There’s the threat of the infected and they’re constantly applying pressure, and that pressure is making them act in certain ways. So you see them walling themselves off like in Jackson. They can try to have a community in some semblance of society they used to have before the outbreak. But because years later, you know, like, they were able to get hydroelectric plants growing, and now they have electricity and some sewage and some of those things that we take for granted, they got those things back up. Other places don’t have those luxuries, and they survive in different ways, we got to see like the hunters in the first game, their survival is to kill other people and steal their supplies.
When we get to Seattle, and that part of the demo, or the part of the preview that you got to play, we get to see that there are two groups fighting over the resources of Seattle. And one of them is a secular, more militaristic group, and they also restore electricity, they have generators, they have weapons, and a religious group that has rejected a lot of those things and have become more of the Luddites, and they’re trying to live off the land. And that’s how they see they’re going to protect themselves and their values.
So each group and by extension each character within those groups, have different values. And what becomes ripe for drama is exploring what happened when you bring these two groups together and their values don’t match up. How do they deal with that?
And I guess that feeds into the other things that they do to each other as well. Like, they’re saying, well, I don’t believe in that, so therefore, if you do that you’re a bad person. And it makes it easier for them to make judgment calls, and for you, the player to kind of judge them as well.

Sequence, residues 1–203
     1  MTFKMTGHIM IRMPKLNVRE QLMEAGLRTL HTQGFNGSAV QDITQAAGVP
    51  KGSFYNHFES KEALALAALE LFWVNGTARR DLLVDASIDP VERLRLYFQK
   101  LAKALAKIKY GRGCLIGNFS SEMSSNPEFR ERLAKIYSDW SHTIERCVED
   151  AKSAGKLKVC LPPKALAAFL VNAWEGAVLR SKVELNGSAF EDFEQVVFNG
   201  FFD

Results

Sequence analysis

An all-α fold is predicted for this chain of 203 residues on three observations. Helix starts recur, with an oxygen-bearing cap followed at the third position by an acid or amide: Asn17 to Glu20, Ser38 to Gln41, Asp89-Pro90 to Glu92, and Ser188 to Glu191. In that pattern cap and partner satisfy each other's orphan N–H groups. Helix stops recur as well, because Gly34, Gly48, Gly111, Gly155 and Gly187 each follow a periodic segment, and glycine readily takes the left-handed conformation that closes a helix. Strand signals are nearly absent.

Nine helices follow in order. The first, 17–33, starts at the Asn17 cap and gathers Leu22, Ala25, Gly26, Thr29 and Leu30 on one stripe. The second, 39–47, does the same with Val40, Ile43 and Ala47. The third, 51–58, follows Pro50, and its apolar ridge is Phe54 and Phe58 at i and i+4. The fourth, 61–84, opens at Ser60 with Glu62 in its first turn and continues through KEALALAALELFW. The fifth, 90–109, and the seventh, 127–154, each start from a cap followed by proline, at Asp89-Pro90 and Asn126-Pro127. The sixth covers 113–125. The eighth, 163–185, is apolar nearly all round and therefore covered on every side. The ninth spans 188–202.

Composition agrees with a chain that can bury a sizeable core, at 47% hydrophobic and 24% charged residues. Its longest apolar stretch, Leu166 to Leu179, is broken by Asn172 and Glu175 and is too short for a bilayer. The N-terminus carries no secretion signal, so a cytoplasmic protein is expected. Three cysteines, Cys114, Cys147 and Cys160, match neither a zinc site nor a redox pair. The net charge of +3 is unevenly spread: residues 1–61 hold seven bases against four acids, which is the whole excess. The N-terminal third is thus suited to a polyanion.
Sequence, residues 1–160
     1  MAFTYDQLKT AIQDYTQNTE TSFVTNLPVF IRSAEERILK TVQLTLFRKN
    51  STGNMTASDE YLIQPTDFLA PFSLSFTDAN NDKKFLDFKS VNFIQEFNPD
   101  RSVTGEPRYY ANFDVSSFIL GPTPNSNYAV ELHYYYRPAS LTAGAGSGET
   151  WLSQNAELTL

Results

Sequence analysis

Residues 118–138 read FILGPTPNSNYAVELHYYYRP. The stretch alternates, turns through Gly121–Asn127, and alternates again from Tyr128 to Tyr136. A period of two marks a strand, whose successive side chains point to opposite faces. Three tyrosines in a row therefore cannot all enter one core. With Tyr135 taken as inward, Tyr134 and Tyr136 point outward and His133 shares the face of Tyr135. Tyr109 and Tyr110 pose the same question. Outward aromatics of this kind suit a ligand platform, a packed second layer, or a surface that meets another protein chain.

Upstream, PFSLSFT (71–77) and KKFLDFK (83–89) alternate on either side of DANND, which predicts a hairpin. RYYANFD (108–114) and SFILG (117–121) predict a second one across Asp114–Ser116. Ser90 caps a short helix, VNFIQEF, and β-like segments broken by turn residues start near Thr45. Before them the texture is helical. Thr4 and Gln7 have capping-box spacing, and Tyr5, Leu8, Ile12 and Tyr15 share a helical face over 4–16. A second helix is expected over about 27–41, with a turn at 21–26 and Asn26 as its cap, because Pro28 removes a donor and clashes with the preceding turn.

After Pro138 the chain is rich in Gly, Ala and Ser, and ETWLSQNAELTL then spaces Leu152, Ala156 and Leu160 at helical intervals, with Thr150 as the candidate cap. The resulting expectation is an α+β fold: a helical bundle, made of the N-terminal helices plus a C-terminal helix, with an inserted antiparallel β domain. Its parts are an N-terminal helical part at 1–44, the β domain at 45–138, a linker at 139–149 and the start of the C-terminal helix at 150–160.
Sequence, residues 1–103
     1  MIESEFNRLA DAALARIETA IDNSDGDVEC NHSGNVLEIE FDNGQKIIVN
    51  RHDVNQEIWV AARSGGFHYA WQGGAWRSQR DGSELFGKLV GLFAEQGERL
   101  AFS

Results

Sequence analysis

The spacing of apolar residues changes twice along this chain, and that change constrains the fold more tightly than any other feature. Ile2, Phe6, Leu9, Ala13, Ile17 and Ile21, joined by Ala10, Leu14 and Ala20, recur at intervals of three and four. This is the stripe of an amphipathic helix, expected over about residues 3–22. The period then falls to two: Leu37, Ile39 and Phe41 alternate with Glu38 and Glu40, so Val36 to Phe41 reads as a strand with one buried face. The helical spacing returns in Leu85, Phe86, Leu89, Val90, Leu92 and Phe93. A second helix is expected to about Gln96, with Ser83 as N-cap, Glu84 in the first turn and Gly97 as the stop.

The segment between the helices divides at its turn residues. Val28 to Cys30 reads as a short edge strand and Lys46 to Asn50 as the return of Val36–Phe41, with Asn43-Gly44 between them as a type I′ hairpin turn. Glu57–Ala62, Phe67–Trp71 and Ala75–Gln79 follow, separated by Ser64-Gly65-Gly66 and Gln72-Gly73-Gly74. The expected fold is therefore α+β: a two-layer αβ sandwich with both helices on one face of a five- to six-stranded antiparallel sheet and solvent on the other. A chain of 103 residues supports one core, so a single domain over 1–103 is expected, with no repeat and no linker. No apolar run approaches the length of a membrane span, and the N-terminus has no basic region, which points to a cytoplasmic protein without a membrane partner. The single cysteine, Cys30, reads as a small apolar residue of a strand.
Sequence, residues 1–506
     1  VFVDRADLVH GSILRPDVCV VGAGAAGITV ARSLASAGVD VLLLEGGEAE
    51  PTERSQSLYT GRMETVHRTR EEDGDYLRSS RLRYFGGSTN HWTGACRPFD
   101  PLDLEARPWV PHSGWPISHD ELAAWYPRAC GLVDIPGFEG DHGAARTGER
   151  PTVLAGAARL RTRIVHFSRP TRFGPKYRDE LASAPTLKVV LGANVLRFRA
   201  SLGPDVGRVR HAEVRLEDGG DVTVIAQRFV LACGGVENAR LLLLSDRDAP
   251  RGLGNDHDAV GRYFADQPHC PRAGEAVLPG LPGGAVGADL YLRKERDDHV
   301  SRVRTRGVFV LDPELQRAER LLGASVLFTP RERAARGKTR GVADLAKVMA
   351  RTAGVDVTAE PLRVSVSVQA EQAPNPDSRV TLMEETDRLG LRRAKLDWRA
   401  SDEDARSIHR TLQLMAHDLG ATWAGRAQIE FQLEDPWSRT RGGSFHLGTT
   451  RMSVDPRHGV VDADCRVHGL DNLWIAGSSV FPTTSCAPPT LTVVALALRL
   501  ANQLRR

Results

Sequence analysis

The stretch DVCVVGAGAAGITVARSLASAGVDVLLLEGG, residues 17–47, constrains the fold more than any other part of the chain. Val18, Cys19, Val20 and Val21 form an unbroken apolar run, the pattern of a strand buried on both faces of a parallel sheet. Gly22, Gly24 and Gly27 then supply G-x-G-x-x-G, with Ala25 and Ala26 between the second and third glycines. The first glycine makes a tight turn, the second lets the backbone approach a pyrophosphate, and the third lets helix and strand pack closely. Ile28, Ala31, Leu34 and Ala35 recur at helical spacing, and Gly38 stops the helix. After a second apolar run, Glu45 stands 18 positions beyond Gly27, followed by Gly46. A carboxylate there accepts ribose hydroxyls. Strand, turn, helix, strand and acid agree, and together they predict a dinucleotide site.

That’s the game on a high level, right? It’s the pursuit of justice to the ends of the earth. But when you go deeper it’s about tribalism, trauma, and how we often see ourselves as righteous and other people as wrong, and how we can – and this is a universal human thing – associate ourselves with a tribe. Often when there’s a conflict with another tribe, we dehumanize them, we make them less than us, so we can justify the things that we do in the pursuit of justice.
That’s not a judgment, again, that’s just like what happens and you see the examples all over the world. And even within countries that supposedly are not in war and are doing okay, like just look at what’s happening politically around the world, and the discourse we have online with each other. Our hope is with this game to explore that, again, not in a preachy way, but in kind of a thought provoking way. And that’s what we wanted to do.